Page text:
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Old 04-29-2008, 02:30 PM   #1309
Poolside
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Joined: Apr 2003
Location: Long Beach, CA
Oddometer: 11,761
Some EWS info from BMW


From a 1200GS Technical Training manual.

Immobilizer code data structure.
The codes used during the handshake are generated from an Immobilizer Rolling Code table assigned to the VIN at the time of manufacturing. The BMS-K and corresponding ignition keys are encoded with this unique data making them an electronically mated pair for one particular motorcycle. The code table provides the codes for each key and a source for BMS-K to check the generated code for each key. Of the three [transponder] keys supplied with a new motorcycle, each one is uniquely identified (key #, ie: 1, 2, or 3). Each key additionally then has a unique immobilizer code.

During the key on sequence, the BMS-K first identifies the key sending the code data and then confirms the transmitted immobilizer code for that key. There is the possibility of a maximum of ten keys per system possible. However they must be ordered specifically by the VIN, and activated with the GT1.


Comes with three keys. How many people received their three keys?

Someone posted a while back about Honda immobilizers, and I think Harley Davidson and Ducati too, can be switched off with some code combination of switch presses, of the turn signals or brake lever for instance. Each bike having a different code. The manual 'switch off immobilizer' code based on the vehicle VIN is a fit, and also complies with the DOT immobilizer regulations of passive arming.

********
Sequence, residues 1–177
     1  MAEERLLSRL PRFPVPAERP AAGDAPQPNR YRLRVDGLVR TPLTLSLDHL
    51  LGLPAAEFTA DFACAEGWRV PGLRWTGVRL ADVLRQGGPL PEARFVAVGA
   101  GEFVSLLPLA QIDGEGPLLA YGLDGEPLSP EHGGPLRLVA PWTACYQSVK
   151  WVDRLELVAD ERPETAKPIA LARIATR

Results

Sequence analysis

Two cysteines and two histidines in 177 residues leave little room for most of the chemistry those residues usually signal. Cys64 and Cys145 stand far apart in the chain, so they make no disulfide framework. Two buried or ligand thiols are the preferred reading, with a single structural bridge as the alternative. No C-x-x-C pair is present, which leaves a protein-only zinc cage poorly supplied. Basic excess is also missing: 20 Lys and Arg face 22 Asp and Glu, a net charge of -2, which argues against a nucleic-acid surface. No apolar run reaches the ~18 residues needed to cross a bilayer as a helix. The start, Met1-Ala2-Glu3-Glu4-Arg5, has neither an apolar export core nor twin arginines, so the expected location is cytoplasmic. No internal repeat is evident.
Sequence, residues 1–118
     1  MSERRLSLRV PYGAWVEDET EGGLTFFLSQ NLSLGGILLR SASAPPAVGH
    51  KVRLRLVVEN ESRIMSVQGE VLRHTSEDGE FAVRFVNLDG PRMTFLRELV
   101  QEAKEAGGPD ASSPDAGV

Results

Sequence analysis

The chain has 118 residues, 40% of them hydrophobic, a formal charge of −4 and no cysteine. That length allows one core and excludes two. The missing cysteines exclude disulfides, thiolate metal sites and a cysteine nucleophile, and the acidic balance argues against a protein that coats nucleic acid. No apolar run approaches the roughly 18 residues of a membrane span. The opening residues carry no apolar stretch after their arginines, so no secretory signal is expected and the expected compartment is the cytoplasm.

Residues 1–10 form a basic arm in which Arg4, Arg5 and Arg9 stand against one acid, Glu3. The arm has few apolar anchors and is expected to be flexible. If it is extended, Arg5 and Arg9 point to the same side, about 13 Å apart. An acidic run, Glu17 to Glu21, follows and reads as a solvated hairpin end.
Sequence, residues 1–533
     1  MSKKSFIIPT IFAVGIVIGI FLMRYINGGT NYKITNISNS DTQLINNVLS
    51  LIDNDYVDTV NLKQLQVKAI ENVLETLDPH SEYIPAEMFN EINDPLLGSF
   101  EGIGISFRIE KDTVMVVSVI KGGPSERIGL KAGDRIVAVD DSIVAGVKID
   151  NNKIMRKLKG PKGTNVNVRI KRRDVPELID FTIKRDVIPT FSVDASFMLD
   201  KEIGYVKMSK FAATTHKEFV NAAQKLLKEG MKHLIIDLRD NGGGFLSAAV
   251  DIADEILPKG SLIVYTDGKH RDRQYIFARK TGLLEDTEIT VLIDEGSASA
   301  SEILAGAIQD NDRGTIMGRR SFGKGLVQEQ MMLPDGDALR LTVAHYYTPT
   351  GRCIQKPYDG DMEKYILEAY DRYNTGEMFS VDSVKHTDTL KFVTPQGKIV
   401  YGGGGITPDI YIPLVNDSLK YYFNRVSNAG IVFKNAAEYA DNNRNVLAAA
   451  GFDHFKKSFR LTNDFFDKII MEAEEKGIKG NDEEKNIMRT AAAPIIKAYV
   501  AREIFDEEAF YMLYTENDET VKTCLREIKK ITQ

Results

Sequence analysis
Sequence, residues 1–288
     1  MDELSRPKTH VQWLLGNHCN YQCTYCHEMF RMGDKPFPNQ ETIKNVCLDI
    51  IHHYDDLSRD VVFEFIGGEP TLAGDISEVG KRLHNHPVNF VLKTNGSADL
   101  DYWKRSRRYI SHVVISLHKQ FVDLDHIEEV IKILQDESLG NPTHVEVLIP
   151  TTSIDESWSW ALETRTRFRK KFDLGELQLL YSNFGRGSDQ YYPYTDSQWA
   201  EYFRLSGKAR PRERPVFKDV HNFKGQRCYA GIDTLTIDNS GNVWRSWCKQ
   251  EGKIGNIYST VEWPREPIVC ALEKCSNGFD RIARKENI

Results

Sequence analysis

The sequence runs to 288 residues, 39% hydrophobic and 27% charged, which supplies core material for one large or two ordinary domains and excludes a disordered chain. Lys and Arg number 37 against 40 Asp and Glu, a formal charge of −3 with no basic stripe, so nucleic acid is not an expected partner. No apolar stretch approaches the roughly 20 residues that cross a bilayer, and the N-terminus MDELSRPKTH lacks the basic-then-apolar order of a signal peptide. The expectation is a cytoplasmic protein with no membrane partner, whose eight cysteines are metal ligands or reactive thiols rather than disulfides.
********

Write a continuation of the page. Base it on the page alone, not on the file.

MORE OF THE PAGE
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Hey, speaking of EWS antennas, go out and try to start your bike with the antenna unplugged.

John (Jpalamar) was kind enough to send me a 1200 ECU and transponder key.

From looking at the circuitry in the ECU board, the pair of communication leads to the EWS antenna seem like they might be a CANbus interface. Separate though, from the CANbus network on the rest of the bike.

If the comm leads to the EWS antenna are CANbus, then if the EWS is unplugged, the pair of leads may need a 120ohm terminating resistor.

Maybe the bike will start without the EWS antenna. But it might need a terminating resistor on the data leads.

It's a thought anyway I mean, there are security screws on the EWS, and I think those are separate from the security screws on the ignition switch. Maybe the ECU will let the bike start without the EWS antenna circuitry. No EWS antenna (but with a terminating resistor in it's stead) is different than a defective EWS.

So maybe unplugging the EWS and adding a termination resistor will do the trick.


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